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Tuesday, April 23, 2024

Putin Concedes ‘Radical Islamists’ Responsible for Moscow Terror Attack

Russian President Vladimir Putin, in a significant departure from previous statements, publicly acknowledged on Monday that the recent terror attack in Moscow was perpetrated by Islamic militants. However, he once again attempted to divert blame towards his favored scapegoat, Ukraine.

During televised remarks following a videoconference meeting with regional officials, special services, and law enforcement agencies, Putin stated, “We know that the crime was carried out by radical Islamists.” Despite this admission, he insinuated that Ukraine might be behind the attack, asserting that the Kremlin was investigating “who ordered” the assault.

Putin further insinuated, “The question that arises is who benefits from this? This atrocity may be just a link in a whole series of attempts by those who have been at war with our country since 2014 by the hands of the neo-Nazi Kyiv regime.”

This reference to 2014 harks back to Russia’s controversial annexation of Crimea from Ukraine and the subsequent conflict in eastern Ukraine, which has been supported by Kremlin-backed fighters. Putin’s implication of Ukraine’s involvement in the Moscow attack appeared to be an attempt to deflect attention from any potential security lapses on the part of the Russian government.

Despite earlier warnings from the U.S. Embassy in Russia regarding potential terrorist threats, Putin swiftly shifted the blame to Ukraine following the attack. However, with no concrete evidence supporting his assertion and a claim of responsibility by a branch of the Islamic State jihadist group, Putin was eventually compelled to mention ISIS during his remarks on Monday.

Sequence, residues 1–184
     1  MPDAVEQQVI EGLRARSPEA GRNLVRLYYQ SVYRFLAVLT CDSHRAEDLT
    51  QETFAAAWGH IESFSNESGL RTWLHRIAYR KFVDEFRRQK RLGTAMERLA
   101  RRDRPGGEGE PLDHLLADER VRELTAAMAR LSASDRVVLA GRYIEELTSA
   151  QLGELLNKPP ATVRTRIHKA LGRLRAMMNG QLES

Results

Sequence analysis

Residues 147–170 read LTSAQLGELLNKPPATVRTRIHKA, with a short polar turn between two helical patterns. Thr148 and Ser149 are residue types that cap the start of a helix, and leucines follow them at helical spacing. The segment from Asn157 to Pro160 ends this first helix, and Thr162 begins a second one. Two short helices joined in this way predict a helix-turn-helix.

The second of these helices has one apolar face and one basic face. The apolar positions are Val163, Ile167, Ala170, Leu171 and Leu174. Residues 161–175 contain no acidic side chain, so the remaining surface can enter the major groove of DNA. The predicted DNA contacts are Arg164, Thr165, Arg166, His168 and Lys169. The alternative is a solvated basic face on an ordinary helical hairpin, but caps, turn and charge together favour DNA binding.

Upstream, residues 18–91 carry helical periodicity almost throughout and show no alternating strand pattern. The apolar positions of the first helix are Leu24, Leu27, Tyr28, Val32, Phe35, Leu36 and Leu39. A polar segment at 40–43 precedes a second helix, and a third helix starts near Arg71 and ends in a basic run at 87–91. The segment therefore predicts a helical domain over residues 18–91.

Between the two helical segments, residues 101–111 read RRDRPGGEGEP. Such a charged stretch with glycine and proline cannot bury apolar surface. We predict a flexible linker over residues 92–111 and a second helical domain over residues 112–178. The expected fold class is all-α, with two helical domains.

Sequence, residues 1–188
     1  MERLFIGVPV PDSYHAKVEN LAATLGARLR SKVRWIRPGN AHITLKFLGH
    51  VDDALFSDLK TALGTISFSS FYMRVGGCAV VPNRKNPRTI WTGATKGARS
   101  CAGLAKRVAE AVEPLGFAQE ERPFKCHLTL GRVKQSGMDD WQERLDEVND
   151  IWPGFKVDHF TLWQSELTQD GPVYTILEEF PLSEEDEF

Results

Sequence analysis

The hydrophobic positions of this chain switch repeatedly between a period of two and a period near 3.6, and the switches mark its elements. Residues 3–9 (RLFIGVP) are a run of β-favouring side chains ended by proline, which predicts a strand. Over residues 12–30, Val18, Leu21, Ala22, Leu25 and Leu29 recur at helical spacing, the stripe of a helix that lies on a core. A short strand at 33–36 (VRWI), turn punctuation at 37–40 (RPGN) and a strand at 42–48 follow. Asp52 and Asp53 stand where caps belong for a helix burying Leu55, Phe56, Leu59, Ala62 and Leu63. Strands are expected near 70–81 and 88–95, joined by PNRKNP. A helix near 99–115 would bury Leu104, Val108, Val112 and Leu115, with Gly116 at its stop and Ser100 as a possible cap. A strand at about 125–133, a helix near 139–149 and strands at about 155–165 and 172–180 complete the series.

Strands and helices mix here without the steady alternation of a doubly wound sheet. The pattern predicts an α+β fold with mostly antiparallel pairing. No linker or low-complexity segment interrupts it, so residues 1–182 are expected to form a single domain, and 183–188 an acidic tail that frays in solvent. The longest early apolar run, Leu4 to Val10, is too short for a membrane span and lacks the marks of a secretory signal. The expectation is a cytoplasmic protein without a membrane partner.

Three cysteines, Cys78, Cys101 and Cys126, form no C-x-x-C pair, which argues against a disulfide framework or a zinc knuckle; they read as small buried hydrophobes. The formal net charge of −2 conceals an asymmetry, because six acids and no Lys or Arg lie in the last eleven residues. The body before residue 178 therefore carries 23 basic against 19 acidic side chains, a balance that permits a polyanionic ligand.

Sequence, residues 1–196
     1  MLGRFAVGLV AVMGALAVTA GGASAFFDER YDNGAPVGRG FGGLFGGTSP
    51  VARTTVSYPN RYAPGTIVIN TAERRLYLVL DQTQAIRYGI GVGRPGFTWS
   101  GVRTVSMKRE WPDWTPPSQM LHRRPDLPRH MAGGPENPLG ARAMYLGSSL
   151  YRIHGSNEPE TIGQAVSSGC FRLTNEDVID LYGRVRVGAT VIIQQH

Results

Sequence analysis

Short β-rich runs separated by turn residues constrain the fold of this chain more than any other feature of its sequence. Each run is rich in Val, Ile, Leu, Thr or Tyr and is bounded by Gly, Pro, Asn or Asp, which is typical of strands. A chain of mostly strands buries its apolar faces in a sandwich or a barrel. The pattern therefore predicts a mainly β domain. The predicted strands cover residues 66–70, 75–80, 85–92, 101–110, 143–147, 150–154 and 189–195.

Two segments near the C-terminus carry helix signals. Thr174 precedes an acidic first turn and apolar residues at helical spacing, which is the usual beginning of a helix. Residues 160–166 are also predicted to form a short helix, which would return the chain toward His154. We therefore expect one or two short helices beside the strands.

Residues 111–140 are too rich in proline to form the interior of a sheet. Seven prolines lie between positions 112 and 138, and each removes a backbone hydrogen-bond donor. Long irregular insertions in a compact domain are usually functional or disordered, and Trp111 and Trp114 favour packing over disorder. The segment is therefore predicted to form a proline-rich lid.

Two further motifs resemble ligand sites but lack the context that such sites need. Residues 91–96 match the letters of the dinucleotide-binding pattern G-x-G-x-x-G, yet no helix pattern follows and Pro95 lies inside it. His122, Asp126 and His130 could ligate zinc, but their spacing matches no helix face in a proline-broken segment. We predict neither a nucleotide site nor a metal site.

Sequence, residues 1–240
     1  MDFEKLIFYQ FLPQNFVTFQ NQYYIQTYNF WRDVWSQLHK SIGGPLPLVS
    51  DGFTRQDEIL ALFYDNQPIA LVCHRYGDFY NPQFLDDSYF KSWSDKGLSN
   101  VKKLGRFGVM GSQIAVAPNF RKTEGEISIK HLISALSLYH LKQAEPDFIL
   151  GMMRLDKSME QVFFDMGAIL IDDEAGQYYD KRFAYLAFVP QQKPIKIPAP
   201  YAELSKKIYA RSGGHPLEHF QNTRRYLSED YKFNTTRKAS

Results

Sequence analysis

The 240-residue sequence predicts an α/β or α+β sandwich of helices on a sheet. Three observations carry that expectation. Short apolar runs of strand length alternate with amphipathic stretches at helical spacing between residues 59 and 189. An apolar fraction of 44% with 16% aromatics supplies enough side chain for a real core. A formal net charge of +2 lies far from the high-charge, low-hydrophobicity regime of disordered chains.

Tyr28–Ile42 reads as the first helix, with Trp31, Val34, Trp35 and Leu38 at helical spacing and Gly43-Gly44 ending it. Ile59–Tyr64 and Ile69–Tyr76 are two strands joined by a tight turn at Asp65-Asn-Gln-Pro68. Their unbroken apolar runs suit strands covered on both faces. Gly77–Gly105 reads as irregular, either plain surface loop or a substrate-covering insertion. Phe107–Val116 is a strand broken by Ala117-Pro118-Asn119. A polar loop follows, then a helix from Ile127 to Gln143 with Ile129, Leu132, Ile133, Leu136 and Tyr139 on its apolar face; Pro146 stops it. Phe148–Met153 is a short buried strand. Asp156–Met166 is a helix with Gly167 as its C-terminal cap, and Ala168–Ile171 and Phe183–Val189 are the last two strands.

Also Read: West criticizes Putin’s re-election; China, India strengthen ties

Yet, Putin, known for his strong-man image and authoritarian regime, hinted that Russia’s stance on various global issues, including its relationship with Hamas and its position on the Israel-Gaza conflict, might deter ISIS from targeting Russia. However, this assertion seemingly disregarded ISIS’s history of hostility towards Russia, including previous attacks claimed by the group.

Moreover, Putin’s support of Bashar al-Assad’s regime in Syria against ISIS during the civil war, as well as past ISIS attacks in regions like the Caucasus, demonstrated the group’s capability to target Russia and its interests.

In contrast, Ukrainian President Volodymyr Zelensky vehemently denied any involvement in the terror attack and accused Putin of employing familiar tactics to justify further aggression against Ukraine. Zelenskyy criticized Putin’s approach, stating, “It’s obvious that Putin and other thugs are just trying to blame someone else.”

The attack at Crocus City Hall in Moscow last Friday marked the deadliest incident in Russia in two decades, resulting in the deaths of at least 139 individuals and significant damage to the building. Authorities have since apprehended seven suspects in connection with the attack.

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